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Reactions Of Fibrotic Skin To Fat Grafting In A Rodent Model
William J. Bruce, MD, Kristin Delfino, PhD, Jacob A. Thayer, MD, Carrie E. Harrison, BS, Ryan W. Schmucker, MD, Michael W. Neumeister, MD, FRCSC, FACS.
Southern Illinois University School of Medicine, SPRINGFIELD, IL, USA.

PURPOSE: The chronic cutaneous fibrosis associated with scleroderma is a significant source of morbidity for patients and impairs activities of daily living. This study evaluates the hypothesis that fat grafting or injection of isolated adipose-derived stem cells (ADSC) will induce regenerative skin changes and ameliorate fibrosis in a murine model of cutaneous fibrosis.
METHODS: : Cutaneous scleroderma-like fibrosis was induced via subcutaneous bleomycin injections into 66 adult nu/nu mice. These were divided into 4 groups and treated via subcutaneous injection of murine whole fat, ADSCs suspended in matrigel, matrigel alone (control for ADSC group), or saline (sham graft, control for whole fat group). Five mice from each group (and 7 mice from sham graft group) were selected at 14, 28, and 35 day time points, and underwent laser Doppler analysis of tissue perfusion prior to euthanization. Harvested skin was subjected to dermal thickness measurement and Trichrome staining for quantification of Type I collagen content. Gene expression analysis targeting pro-sclerotic cytokines TGFβ and endothelin-I (ET-I) was performed using quantitative polymerase chain reaction (qPCR).
RESULTS: Groups treated with ADSCs showed significantly more Type I collagen and greater tissue perfusion than control at 2 weeks, but these differences progressively decreased over time and were absent at 5 weeks. Additionally ADSC-treated tissue was thicker than control at all time points and continued to thicken over time, where control skin thickness remained stable.Whole fat-treated skin showed a decrease in type I collagen as compared to control, and an increased dermal thickness. There was no difference between whole fat and control dermal thickness at any time. Gene expression analysis revealed higher endothelin expression in ADSC group over control at week 5, and no difference in TGFβ expression at any time point. Whole fat treated groups had no significant difference from control in either gene, though did trend toward an initial spike in both Endothelin and TGFβ at 2 weeks followed by a progressive decline to at or below control levels at weeks 4 and 5, while control levels remained stable.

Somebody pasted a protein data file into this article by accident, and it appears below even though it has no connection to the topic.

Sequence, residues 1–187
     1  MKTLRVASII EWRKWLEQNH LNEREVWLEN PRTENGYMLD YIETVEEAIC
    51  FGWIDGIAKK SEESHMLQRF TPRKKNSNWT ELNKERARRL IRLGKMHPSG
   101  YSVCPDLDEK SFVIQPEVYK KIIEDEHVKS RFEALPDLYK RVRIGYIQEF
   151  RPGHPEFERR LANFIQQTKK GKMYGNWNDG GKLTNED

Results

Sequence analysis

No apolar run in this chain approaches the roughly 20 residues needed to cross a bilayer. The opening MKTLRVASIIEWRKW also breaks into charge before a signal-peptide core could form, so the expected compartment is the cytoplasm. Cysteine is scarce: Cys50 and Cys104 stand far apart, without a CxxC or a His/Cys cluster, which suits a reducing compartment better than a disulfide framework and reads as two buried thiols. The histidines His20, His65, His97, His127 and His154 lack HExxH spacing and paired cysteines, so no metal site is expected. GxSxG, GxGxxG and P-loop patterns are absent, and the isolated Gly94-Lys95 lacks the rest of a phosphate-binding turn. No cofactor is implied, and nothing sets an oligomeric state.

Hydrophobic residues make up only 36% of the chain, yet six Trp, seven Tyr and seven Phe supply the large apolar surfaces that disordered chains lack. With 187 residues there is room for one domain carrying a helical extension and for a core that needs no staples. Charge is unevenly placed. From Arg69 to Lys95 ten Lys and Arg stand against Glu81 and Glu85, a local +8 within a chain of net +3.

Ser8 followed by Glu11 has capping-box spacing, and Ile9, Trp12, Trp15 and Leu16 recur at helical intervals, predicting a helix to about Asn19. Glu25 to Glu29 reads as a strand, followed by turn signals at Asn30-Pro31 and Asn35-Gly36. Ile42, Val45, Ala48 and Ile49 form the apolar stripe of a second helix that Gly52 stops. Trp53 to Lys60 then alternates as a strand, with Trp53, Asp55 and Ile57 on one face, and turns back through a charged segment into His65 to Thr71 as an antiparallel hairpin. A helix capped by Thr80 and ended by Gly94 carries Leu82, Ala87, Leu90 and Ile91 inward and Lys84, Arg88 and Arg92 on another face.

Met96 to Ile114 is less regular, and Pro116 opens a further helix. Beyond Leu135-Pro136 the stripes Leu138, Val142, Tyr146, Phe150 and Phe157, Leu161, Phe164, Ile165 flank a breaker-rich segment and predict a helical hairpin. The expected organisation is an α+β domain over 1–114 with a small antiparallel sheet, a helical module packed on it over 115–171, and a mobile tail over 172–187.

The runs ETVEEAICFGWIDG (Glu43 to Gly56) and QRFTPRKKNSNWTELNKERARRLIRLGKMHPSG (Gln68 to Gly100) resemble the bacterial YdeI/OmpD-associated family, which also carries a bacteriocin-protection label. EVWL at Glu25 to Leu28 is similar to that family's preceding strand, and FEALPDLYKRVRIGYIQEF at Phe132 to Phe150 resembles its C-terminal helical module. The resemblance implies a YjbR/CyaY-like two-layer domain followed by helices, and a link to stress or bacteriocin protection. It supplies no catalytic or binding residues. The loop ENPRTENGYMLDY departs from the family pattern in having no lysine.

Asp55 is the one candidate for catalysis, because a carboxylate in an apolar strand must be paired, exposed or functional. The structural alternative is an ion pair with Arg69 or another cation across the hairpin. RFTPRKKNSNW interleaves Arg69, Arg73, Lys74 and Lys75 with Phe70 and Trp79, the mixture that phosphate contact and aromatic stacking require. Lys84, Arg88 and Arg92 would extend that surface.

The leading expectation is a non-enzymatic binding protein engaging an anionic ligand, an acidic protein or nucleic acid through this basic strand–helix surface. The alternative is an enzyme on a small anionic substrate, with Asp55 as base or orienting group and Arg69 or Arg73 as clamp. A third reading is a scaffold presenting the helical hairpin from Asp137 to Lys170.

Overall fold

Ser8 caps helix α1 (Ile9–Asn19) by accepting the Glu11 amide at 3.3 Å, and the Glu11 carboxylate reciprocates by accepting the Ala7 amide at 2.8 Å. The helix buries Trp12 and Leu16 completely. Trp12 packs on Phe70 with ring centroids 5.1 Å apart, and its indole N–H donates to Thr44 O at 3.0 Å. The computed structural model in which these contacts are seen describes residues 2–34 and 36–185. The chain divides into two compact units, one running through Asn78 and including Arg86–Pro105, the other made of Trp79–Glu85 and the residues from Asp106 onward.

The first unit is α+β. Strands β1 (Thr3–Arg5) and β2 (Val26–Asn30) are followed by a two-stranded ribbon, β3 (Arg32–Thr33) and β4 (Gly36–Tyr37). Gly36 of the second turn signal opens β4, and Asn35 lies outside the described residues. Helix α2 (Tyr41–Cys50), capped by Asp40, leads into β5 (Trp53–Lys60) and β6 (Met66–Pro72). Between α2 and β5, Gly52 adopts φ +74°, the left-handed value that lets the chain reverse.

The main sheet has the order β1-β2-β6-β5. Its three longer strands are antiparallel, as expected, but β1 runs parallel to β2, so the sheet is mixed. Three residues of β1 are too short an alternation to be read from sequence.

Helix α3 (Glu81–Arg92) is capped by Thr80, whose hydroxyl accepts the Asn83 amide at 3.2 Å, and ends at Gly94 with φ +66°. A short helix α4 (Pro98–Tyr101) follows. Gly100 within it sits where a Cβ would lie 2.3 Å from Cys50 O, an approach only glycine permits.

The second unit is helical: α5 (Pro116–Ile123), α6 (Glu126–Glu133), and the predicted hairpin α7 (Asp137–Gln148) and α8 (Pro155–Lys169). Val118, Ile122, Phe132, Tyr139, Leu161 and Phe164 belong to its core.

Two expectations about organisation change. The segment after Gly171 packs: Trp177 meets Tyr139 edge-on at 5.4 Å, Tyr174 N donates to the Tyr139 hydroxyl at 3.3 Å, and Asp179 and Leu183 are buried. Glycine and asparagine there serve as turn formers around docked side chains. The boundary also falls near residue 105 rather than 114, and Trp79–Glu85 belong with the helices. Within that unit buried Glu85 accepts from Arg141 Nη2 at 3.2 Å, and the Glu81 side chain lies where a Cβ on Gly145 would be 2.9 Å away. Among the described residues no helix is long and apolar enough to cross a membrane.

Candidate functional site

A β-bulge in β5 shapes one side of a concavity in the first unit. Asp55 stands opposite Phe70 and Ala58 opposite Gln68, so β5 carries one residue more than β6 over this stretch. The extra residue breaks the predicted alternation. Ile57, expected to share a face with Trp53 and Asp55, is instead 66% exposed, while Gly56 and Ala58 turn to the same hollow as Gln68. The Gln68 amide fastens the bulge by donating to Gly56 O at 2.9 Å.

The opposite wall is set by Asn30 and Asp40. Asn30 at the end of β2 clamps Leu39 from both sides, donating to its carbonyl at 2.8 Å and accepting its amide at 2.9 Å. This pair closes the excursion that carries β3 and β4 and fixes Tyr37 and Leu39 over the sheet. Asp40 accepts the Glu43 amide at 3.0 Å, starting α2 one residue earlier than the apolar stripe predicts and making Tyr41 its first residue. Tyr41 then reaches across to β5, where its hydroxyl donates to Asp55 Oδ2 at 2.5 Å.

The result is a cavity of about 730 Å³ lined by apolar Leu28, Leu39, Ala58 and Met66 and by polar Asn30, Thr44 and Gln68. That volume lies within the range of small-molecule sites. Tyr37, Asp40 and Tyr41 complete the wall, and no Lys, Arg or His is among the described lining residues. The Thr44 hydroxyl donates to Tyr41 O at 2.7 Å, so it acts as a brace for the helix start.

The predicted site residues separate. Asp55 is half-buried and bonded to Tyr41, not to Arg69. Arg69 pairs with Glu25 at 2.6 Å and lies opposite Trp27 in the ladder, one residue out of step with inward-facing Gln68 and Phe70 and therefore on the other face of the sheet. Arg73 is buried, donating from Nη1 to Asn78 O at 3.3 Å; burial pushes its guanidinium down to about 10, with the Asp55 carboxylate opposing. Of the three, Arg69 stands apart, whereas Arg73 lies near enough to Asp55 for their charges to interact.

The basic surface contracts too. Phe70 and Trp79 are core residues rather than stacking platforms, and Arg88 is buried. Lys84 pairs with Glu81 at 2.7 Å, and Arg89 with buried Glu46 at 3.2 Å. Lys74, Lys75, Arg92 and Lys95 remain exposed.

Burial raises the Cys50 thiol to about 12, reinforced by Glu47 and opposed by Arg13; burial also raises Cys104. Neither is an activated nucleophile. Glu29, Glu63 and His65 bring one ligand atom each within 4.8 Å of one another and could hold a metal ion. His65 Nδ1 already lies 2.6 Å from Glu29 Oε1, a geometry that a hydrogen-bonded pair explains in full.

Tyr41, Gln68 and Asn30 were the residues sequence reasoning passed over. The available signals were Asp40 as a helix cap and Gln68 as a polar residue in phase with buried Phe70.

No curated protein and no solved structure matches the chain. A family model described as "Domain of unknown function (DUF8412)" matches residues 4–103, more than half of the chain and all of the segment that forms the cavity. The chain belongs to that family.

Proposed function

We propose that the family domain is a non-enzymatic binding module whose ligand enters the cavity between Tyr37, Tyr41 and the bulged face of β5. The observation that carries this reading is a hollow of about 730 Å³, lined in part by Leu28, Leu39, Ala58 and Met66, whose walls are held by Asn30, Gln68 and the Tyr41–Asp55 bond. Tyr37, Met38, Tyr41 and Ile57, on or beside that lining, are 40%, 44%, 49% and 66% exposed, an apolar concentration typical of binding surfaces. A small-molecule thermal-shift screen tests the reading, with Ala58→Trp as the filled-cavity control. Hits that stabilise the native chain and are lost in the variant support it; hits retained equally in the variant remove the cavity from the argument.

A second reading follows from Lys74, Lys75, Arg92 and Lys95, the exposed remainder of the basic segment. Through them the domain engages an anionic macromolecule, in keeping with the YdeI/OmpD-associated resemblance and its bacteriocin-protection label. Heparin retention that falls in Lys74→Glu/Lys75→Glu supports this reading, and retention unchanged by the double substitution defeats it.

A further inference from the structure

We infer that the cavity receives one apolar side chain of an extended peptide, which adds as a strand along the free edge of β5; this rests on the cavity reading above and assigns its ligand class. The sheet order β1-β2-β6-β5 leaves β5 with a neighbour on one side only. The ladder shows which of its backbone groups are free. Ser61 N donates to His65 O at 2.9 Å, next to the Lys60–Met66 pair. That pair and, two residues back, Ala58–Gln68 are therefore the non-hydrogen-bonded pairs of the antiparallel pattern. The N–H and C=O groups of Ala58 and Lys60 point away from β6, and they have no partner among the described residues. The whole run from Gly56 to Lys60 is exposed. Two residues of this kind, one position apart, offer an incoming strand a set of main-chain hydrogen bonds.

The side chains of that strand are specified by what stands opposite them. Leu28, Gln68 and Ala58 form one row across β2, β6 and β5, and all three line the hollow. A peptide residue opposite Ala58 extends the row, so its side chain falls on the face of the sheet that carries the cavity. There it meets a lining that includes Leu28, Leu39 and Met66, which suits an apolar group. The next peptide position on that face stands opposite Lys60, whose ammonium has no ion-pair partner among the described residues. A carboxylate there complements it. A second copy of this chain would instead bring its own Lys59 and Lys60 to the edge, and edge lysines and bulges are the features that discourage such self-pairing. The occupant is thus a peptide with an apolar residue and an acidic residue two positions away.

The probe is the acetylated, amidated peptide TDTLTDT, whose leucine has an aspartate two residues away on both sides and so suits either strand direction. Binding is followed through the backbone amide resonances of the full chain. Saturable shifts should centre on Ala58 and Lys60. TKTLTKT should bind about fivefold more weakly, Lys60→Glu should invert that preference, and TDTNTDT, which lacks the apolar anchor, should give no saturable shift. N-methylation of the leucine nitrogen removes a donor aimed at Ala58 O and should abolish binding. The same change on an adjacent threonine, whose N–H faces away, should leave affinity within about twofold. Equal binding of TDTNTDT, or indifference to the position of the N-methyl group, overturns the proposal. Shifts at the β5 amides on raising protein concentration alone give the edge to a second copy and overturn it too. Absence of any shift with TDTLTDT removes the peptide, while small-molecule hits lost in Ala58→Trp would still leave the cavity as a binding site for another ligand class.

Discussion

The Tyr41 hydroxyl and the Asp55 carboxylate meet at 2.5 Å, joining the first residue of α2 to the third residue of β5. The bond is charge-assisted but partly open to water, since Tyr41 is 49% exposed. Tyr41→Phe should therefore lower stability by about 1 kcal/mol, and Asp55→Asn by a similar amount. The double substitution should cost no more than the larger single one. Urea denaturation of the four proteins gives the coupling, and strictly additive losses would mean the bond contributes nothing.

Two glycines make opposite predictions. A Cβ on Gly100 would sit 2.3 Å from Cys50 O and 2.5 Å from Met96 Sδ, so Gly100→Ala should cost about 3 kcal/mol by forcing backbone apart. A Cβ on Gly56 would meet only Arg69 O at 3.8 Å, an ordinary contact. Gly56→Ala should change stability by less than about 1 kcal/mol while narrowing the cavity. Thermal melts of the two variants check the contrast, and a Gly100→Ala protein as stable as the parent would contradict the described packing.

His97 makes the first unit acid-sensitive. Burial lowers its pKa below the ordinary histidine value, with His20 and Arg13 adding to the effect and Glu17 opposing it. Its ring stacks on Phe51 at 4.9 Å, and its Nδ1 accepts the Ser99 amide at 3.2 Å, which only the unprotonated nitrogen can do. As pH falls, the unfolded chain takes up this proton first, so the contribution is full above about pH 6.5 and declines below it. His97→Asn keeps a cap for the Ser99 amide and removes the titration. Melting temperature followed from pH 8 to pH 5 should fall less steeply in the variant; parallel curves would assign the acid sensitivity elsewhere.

CONCLUSION: Despite a significant body of evidence extolling benefits of fat grafting in skin rejuvenation, improvement of scarring, and inhibition of the pro-sclerotic pathways in a typical patient, the murine model suggests that this may not translate to amelioration of scleroderma symptoms. In this model injection of whole fat or its constitutive parts was detrimental and caused increased fibrosis and dermal thickness over time.


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